BTS brings “ON” new genres in “MAP OF THE SOUL: 7”

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BigHit Entertainment

“MAP OF THE SOUL: 7” by BTS was released on Feb. 21. Within a week of its release, the album rose to the top of the Billboard 200 chart.

Helen Kang, Copy Editor

On Feb. 21, BTS released their fourth studio album, “MAP OF THE SOUL: 7,” their second chapter of the “MAP OF THE SOUL” series. 

The series itself references Jungian philosophy, a branch of personality psychology founded by Swiss psychiatrist Carl Gustav Jung. He proposed the concept of archetypes, which are unconscious desires that model people’s behaviors and personality. The series is based on Jung’s four major archetypes: the self, the anima/animus, the shadow, and the persona. BTS began the series sharing the joy of finding love by reaching out to their fans and enjoying the little things in life. “MAP OF THE SOUL: 7” tells the story of the band’s discovery of their true selves, with an acknowledgement that their shadows and scars from their hardships are also part of their self. 

The album itself consists of 20 tracks, five of which come from their previous album, “PERSONA”: “Intro: Persona,” “Boy With Luv (feat. Halsey),” “Make It Right,” “Jamais Vu,” and “Dionysus”. The following 15 tracks are new releases, seven of which are each of the member’s solo songs.

 

“Interlude: Shadow”

Lead rapper Suga transitions listeners from “PERSONA” tracks into the album with his solo song. Released Jan. 10, months before the group’s comeback itself, Suga sets the tone for the dark themes of the album.

The song is heavy with bass, with an intense emo-rap and samples from the group’s track “Intro: O!RUL8,2?” part of their 2013 album, “O!RUL8,2?”. He begins the song with, “I wanna be a rap star / I wanna be the top,” an ode to his dreams as a young boy back home in South Korea. However, once he has reached that level of success, he looks back with regret, reassuring himself that, “The life you chose: you achieved everything without regrets / So what’s the problem? Enjoy it.”

The rapper’s stage name, Suga, and his rapper name, AgustD, often mask his real identity as Min Yoongi. He ends the song with an acceptance of the disconnect between his public image and his real self with, “You are me, I am you.” Being such a successful group in foreign markets, Suga presents the harsh reality of the group’s rags-to-riches journey through his own perspective. Now that the group’s achieved an unimaginable amount of success, they find themselves in fear of the responsibility that they hold in the public eye.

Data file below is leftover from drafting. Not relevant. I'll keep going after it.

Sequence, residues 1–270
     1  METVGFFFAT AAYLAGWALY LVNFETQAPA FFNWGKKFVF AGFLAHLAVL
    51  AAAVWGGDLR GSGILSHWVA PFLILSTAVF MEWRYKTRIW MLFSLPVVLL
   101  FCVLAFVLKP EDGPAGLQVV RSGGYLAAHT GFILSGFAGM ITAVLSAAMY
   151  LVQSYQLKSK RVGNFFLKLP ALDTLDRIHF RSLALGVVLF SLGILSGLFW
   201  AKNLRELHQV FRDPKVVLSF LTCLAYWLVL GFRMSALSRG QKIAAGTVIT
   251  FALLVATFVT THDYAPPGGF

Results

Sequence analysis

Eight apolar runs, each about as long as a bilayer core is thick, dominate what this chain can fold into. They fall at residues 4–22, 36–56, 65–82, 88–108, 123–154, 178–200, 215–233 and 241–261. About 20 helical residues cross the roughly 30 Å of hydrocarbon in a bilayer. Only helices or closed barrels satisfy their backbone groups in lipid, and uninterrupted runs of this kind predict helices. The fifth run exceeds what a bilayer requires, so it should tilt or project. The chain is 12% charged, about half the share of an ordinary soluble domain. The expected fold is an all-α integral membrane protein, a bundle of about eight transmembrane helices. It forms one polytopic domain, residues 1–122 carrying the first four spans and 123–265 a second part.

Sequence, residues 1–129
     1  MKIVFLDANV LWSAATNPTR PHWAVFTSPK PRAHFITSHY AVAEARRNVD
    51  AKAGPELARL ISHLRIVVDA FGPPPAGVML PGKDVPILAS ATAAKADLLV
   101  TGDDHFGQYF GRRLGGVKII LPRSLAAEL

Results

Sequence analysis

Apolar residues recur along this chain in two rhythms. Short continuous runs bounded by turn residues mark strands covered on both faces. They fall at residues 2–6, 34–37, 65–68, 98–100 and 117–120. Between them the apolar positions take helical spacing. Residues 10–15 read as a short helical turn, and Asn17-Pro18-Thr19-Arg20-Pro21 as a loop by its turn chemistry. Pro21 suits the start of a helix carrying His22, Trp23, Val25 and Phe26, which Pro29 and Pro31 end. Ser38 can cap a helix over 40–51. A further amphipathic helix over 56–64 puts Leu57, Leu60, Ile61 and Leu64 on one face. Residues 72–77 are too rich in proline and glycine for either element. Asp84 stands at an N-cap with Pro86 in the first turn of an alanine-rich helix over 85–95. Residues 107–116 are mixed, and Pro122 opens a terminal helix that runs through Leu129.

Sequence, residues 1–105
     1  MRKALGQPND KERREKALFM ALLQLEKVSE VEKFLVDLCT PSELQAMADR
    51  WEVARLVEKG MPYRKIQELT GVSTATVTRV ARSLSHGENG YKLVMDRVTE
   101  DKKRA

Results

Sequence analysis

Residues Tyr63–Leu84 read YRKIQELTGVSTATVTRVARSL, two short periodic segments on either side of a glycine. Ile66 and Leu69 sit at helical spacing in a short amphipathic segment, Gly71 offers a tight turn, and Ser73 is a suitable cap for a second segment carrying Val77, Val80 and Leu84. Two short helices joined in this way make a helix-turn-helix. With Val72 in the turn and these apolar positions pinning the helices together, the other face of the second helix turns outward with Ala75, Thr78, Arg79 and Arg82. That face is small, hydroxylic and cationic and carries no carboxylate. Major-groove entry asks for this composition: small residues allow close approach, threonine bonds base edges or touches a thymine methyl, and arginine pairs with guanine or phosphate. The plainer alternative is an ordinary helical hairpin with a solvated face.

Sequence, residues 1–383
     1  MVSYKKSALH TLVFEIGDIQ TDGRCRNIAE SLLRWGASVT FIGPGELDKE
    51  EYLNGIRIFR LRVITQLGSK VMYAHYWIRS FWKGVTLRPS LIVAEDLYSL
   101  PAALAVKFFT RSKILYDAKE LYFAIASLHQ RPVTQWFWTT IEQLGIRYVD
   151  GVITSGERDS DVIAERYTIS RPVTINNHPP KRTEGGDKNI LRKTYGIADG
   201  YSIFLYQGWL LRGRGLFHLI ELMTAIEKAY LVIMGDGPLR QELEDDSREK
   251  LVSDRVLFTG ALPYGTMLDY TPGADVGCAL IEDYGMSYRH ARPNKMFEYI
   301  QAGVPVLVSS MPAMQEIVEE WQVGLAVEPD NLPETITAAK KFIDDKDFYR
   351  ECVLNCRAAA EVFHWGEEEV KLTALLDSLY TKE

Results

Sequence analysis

The rapper told The Guardian in 2018 that, “Fame is like a shadow. There’s light and there’s darkness; it’s something that follows you constantly and not something that you can run away from.” The group’s raw, unfiltered emotions are an important contribution towards the ever-growing nature of their fame. 

 

“Black Swan”

Released a week after “Interlude: Shadow” on Jan. 17, “Black Swan” was the first single release of the album along with the Art Film, which set the dark visual elements of the album. The Art Film is performed by MN Dance Company, a contemporary dance crew from Europe, part of the band’s global art initiative, “Connect: BTS.” Their Official MV released Mar. 4, which showed how the members transform into black swans- elements of surrealism parallel to Darren Afonofsky’s 2010 ballet psychodrama.

The song opens with a nervous, eerie instrumental of classical strings, followed by melodies that make sharp transitions from intense, heartfelt raps to soft whispers of vocals, heightening anxiety within their listeners. The uneasy feel stems from the layering of trap beats with classical instrumentals, which can be overwhelming for first-time listeners, but seems to fit perfectly with the message that the band is trying to convey.

“Black Swan” tells of the group’s greatest fear: the loss of their love for music. They entered the industry through their mutual love for music, but as they’ve gained success, making music has turned into more of their work instead of their passion. In an emotional rap by Suga, he raps how, “The heart no longer races / When hearing the music play / That would be my first death / I been always afraid of.” BTS takes a more intimate approach with a difficult but well-produced track that presents their art form instead of appealing to the masses, breaking boundaries for such a relevant group in the public eye. 

 

“Filter”

From the dark and eerie feel that “Black Swan” brings, lead vocalist and main dancer Jimin brings a seductive song by combining Latin instrumentals with his honey, breathy vocals. The catchy beat carries the album from the heavy emotions driven by artistry to a more mainstream song, given the rising popularity of Latin pop. Jimin draws the attention of a lover with, “Put your phone down, don’t even think of turning your head away” and then offers, “Mix the colors in the palette, pick your filter / Which me do you want?” The sexual appeal of the song is sure to drive fans crazy, and offers a unique element to the album as a whole.